Chamomile: Anti-inflammatory, relaxant, analgesic (pain-relieving), antifungal, antiallergy, tissue healing, and antibacterial properties. The German Commission E has approved chamomile for external use in supporting skincare and inflammation with several clinical trials supporting its efficacy. Chamomile is used for burns, ulcers, wounds, and skin sensitivity. The anti-inflammatory action of chamomile can be attributed to the natural chemicals alpha bisbolol and chamazulene contained within the flower, which has the ability to inhibit arachidonic acid metabolism. The ability to relieve pain may be due to a prostaglandin-inhibiting action.


Comfrey: Forms a soothing film relieving pain and inflammation. Contains 6-8% allantoin which promotes cell proliferation and is thought to be the main reason for the healing action of comfrey. Used for contusions, sprains, wounds, burns, ulcers, and inflammatory skin disorders.


Lavender Essential Oil: Promotes tissue regeneration and reduces scarring. Excellent for burns. Antiseptic, antispasmodic. Encourages the cellular renewal processes within the body and aids the body in healing itself. Is a natural fly repellent and will help repel flies from wounds.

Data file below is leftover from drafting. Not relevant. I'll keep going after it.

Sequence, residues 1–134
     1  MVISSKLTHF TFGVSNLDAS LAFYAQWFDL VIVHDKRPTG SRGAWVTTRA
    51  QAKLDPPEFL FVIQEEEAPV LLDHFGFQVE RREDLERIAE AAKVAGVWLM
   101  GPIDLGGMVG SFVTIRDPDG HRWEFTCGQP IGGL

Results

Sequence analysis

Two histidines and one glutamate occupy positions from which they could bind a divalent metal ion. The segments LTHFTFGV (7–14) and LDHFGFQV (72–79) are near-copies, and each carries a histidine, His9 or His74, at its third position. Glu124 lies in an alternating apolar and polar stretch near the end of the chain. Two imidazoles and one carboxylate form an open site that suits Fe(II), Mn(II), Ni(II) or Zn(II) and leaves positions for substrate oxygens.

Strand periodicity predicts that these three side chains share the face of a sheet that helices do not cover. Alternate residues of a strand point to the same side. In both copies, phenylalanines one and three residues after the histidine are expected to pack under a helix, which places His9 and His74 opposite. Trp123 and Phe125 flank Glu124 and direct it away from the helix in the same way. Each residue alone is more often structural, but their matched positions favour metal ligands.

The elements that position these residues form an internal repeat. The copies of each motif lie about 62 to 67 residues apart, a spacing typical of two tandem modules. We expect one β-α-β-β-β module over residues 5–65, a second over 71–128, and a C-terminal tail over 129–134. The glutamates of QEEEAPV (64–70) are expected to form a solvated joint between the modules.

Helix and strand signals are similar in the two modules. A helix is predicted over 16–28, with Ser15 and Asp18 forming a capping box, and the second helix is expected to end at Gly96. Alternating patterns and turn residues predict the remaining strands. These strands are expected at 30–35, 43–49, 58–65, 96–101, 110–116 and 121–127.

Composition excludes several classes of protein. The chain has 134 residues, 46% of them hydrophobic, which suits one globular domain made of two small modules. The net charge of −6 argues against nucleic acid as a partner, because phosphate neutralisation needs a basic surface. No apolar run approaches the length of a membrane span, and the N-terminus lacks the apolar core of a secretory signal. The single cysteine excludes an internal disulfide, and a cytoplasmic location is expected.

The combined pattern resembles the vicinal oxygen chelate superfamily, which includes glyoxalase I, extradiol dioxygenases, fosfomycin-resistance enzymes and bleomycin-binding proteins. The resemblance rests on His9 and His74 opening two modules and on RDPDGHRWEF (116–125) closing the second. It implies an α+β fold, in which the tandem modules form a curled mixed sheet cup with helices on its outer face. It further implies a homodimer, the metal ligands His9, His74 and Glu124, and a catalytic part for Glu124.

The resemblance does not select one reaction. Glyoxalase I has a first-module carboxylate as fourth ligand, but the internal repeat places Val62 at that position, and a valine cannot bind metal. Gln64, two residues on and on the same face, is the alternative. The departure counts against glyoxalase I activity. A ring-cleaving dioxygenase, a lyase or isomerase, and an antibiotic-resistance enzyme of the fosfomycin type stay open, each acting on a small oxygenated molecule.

Tea Tree Essential Oil: Antibacterial, anti-inflammatory, antiseptic, antifungal, antioxidant, antiparasitic, decongestant, immune-stimulant, insecticidal, tissue regenerator. Useful to treat fungal infections, skin conditions, and wounds.


Post Exercise Inflammation and Muscle Soreness


To relieve inflammation and muscle soreness after a strenuous workout or a day of showing, I like to apply an herbal liniment to legs, back, and any other areas that may be sore. I make an herbal tincture and dilute with aloe vera gel and a few drops of essential oils. I use a few of the herbs and essential oils already mentioned such as arnica, calendula, chamomile, comfrey, lavender essential oil, and wintergreen essential oil. I avoid adding menthol to my liniment as some horses can have a severe reaction to menthol. My other favorite herbs for liniments are: